Erin O’Connor, an English prof at Penn, blogs about higher ed, sometimes from a position politically to the right of the Sheriff of Nottingham. Last Friday, her post spoke about the sustainability groundswell on campuses as a “stealth ideological movement.” This in spite of the fact that proponents of sustainability have been doing everything we can to get on people’s radar screens, and the movement (hey! we’ve achieved movement status!) is so ideological — O’Connor also repeatedly uses ‘political’ as a synonym — that flavors of it appear in the platforms of John McCain, Mike Huckabee, Hillary Clinton, Barack Obama, and a vast majority of world leaders outside the USA.
O’Connor starts with a short paragraph linking PETA members to terrorists who firebomb researchers’ homes. The cause of animal rights has no bearing on the remainder of the post, but the image — firebombing innocent academic researchers — serves its purpose. O’Connor’s brush is now fully tarred and ready for use on her intended target. Mission accomplished.
A majority of the post is devoted to Focus the Nation, the nationwide teach-in at the end of last month. O’Connor claims to have found it “scary.” She must be easily frightened.
As evidence of what was wrong (and apparently scary) about FtN, O’Connor quotes at length a published article from Brown philosophy prof Felicia Ackerman, explaining why she didn’t participate. The reasons are simple and non-controversial — climate change is off her topic, she’s not qualified, there are other profs who would do a better job, she has other priorities — but none of them particularly supports O’Connor’s explicit inferences of political harangues, wastage of student time, or impositions on academic freedom. The imposition on academic freedom is particularly emphasized by O’Connor, and the AAUP is called on for redress. This, even though Ackerman compared the FtN invitation to “the frequent e-mails offering Viagra at a reduced price.” If she found the invitation imposing in any way, it doesn’t show.
Ackerman even makes the point that the subject of global warming is beyond her expertise. She states, “I am not disputing the scientific consensus about the technical aspects of climate change. As a non-scientist, I would have to be a crackpot to think that I know more than scientists about scientific matters.” O’Connor, on the other hand, apparently feels no such compunction. Instead, she rails about “people who try to peddle anthropogenic global warming as a settled truth -- it’s not,” and “questionable science.” This, in spite of the fact that the National Academy of Sciences has said for years that the truth of global warming is about as unsettled as the truth of gravity. Of course, the lack of support in her quoted material needn’t stop O’Connor from arriving at her preconceived conclusions, and it doesn’t.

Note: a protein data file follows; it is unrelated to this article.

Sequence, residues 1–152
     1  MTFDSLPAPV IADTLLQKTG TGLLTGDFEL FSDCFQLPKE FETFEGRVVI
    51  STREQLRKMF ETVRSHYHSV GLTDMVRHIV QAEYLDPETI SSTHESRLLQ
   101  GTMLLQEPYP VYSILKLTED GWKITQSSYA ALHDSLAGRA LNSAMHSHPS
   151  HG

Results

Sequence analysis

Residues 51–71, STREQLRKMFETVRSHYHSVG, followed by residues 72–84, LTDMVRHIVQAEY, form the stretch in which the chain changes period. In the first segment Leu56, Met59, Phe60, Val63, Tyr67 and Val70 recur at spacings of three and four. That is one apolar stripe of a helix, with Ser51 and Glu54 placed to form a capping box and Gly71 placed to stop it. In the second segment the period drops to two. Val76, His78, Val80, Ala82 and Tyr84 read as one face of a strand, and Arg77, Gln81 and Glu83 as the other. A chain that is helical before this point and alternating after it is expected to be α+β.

The remainder of the post consists of an attack on the American College and University Presidents Climate Commitment, which O’Connor says “enjoins college presidents to pledge to make their campuses climate neutral within two years while integrating ’sustainability education’ into the curriculum.” The flaws in this description are so numerous and so profound that I hardly know where to start.
First, the PCC doesn’t “enjoin” anybody to do anything. To “enjoin” is to issue an injunction — a judicial order prohibiting a specific party from taking a specific action. Parties and actions aside, “enjoin” implies coercion, not invitation. Signing the PCC is an entirely voluntary act.
Second, PCC signatories are not pledging to make their campuses climate neutral within two years. Even though O’Connor makes a major point of the irresponsibility of just such a commitment, it’s a figment of someone’s fertile imagination. What the college presidents are pledging to do is to come up with a plan to achieve climate (really, carbon) neutrality. The plan is due in two years, but the target date for achieving neutrality is clearly and explicitly left up to each college or university.
Finally, the words “sustainability education” don’t appear anywhere in the text of the PCC. If O’Connor is quoting, and she well may be, it’s not from the source she seems to imply. Maybe it’s from some other source. One that she’s actually read.
Ironically, O’Connor wrote for The Chronicle of Higher Education, back in July of 2006, on the subject of faculty members and blogging. Her thoughts on the subject seem well-founded, and I recommend the article to anyone so inclined. I only wish that she had re-read her own words:
Scholars who blog should accept that their writing affects their professional image. If they take controversial stances, they will be criticized. If they behave badly online, their reputations will suffer. Academic freedom protects the tenured (a fast-shrinking group) from punishment when speaking out — but it does not and should not protect them from the unforgiving sorting process that is the marketplace of ideas.